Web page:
Toward a constructive perception of failure : a comparison of groups in a face-to-face collaboration case
1University of Oulu, Faculty of Education, Department of Educational Sciences and Teacher Education, Educational Sciences
|Online Access:||PDF Full Text (PDF, 0.9 MB)|
|Persistent link:|| http://urn.fi/URN:NBN:fi:oulu-201511242165
|Publish Date:|| 2015-12-08
|Thesis type:||Master's thesis
Minor or big, permanent or temporary, failure is widely experienced by people of different nationalities, ages, social status, and genders, at any stages of life, in a tremendous scale of day-to-day situations. A common misunderstanding and underestimation of failure as a state of negative result is that failure of performance indicates failure in learning and knowledge building, and that it is bad and disadvantageous. Though failure is usually believed to be a negative and disappointing result, it to some extent plays an important and positive role in our lives, and many people learn from their previous failures and failures of others. In the field of education, the role of failure in facilitating and enhancing learning has been studied in literature for years.
This research mainly serves to explore how learners collaborated, performed and learned, and how exactly learners in collaboration learn from failure in their learning. To support my research, the literature review starts with the differences of learning and performance, then it comes to the definition and perception of learning in general. After this section, definition of collaboration and characteristics of collaborative learning are introduced. Later, after the sections on performance and learning, comes the sections in which various possibilities and mechanisms of failure-enhanced learning are introduced and discussed.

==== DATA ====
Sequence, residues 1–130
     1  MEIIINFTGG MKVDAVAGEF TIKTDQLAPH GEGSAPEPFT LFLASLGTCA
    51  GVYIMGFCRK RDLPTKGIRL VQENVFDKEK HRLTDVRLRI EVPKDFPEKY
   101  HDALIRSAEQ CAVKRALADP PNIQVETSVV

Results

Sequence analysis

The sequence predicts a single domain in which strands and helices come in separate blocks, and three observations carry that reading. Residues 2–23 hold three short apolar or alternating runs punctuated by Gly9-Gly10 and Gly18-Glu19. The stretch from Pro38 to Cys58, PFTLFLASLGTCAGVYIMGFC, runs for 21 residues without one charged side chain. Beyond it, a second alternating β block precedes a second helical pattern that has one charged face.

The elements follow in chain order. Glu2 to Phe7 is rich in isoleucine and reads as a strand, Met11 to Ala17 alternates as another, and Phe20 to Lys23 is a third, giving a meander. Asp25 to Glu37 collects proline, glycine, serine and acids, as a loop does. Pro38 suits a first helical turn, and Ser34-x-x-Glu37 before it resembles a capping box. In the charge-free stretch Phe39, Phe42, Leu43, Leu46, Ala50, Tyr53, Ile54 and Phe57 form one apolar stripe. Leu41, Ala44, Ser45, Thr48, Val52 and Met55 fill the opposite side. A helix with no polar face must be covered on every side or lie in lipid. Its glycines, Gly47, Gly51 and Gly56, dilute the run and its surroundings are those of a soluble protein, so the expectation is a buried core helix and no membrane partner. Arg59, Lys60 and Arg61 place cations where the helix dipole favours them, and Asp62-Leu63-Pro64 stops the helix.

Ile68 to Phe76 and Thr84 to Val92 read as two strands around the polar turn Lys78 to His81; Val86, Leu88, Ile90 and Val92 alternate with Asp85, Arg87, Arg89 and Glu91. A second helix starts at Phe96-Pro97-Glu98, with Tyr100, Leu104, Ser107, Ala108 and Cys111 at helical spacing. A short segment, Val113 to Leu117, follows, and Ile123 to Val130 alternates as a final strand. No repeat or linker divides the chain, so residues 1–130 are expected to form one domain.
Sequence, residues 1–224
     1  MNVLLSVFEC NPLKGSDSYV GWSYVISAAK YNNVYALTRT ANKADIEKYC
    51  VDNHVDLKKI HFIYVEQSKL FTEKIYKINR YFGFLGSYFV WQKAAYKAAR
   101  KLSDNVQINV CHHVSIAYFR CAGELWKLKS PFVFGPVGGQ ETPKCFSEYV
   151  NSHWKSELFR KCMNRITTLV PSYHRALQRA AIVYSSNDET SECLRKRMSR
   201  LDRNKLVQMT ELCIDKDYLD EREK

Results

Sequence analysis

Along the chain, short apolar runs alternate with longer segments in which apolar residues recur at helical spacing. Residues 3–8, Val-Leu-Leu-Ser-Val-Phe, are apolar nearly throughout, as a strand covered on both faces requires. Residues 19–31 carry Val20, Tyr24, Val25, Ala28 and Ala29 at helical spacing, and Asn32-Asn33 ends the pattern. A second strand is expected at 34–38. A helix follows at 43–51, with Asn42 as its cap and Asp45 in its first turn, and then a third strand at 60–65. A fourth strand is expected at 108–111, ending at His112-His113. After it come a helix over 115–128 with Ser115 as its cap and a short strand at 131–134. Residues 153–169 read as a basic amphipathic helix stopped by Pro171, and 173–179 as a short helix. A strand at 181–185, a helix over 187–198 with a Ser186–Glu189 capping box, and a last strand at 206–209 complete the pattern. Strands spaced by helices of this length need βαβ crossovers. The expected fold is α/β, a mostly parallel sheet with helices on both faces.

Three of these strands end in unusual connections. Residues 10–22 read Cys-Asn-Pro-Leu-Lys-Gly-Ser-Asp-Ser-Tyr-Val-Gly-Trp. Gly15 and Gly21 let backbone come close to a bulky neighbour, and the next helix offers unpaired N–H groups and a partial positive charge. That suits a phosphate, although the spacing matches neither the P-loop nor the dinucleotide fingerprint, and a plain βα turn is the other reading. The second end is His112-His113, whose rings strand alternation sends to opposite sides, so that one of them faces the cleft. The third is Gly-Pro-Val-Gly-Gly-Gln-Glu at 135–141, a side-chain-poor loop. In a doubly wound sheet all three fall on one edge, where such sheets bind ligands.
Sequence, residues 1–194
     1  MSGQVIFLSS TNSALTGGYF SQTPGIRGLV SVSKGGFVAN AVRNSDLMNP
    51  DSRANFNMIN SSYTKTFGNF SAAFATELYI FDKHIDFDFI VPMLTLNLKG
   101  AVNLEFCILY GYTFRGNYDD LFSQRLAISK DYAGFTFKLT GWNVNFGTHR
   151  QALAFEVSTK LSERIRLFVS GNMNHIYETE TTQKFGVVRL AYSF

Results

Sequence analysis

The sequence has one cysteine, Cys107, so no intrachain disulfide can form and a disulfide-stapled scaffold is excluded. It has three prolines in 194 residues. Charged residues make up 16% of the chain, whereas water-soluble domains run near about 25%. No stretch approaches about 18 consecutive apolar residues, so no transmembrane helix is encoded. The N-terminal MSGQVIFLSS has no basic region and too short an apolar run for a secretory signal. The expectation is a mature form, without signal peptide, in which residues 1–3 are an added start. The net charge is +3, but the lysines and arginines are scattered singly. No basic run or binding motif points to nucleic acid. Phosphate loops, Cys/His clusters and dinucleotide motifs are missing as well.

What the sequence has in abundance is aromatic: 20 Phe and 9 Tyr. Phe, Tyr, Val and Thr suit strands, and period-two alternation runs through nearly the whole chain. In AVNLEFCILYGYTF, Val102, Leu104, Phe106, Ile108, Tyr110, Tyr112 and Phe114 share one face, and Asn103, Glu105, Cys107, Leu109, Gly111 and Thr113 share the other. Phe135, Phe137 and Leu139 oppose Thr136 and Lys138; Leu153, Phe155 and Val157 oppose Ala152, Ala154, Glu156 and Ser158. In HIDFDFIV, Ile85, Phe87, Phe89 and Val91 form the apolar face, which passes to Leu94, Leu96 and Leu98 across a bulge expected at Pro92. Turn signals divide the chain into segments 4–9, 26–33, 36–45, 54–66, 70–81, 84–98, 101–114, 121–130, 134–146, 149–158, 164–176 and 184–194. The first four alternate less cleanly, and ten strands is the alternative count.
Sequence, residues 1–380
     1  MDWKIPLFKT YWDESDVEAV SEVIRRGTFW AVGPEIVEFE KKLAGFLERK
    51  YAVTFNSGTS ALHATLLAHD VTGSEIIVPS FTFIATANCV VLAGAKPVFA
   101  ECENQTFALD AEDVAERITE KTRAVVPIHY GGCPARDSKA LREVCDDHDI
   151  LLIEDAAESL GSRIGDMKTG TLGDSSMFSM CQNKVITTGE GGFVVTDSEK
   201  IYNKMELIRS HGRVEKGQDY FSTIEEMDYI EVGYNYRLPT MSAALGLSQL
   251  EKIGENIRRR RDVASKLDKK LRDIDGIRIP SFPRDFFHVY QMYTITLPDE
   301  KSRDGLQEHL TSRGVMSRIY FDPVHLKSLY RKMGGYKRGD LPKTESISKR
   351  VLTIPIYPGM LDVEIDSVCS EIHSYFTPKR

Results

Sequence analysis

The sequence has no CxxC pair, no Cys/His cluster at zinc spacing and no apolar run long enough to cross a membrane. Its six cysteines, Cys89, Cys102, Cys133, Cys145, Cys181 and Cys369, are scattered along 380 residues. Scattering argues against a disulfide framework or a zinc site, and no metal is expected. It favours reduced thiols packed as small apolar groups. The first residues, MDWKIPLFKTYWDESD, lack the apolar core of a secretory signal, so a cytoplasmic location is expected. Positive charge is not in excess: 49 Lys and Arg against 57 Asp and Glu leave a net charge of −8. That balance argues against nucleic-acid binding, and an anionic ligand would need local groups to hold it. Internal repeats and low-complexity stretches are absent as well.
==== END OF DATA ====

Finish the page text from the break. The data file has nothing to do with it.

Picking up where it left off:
The data were collected from a video-recorded research session designed and carried out by the PROMO research team from a university located in a Nordic country. Participants were twelve first year and second year international Master’s degree students (seven female, five male) in the field of education. The twelve participants spontaneously formed three groups of four, all groups then were assigned the same open-ended problem-solving task, which required each group to work on a three-hour-long epistemic game in three separate rooms.
The result of my research suggests that, firstly, poor or good performance does not always indicate the failure or success in learning, a full picture of both the process and results can offer a more complete understanding of how learners learned. For example, it is possible that a group with satisfactory academic performance or final presentation may actually have poor learning, while a lower-performing group may experience better learning though they had poorer performance or final presentation. The next finding is that students could learn from challenges or failures, but those who are more aware of the challenges, and faced the challenges with more positive emotions and good problem-solving strategies could learn more from failure and the process of finding proper solutions to the challenges, and are more possible to tackle challenges and thus avoid them accelerating into failures.
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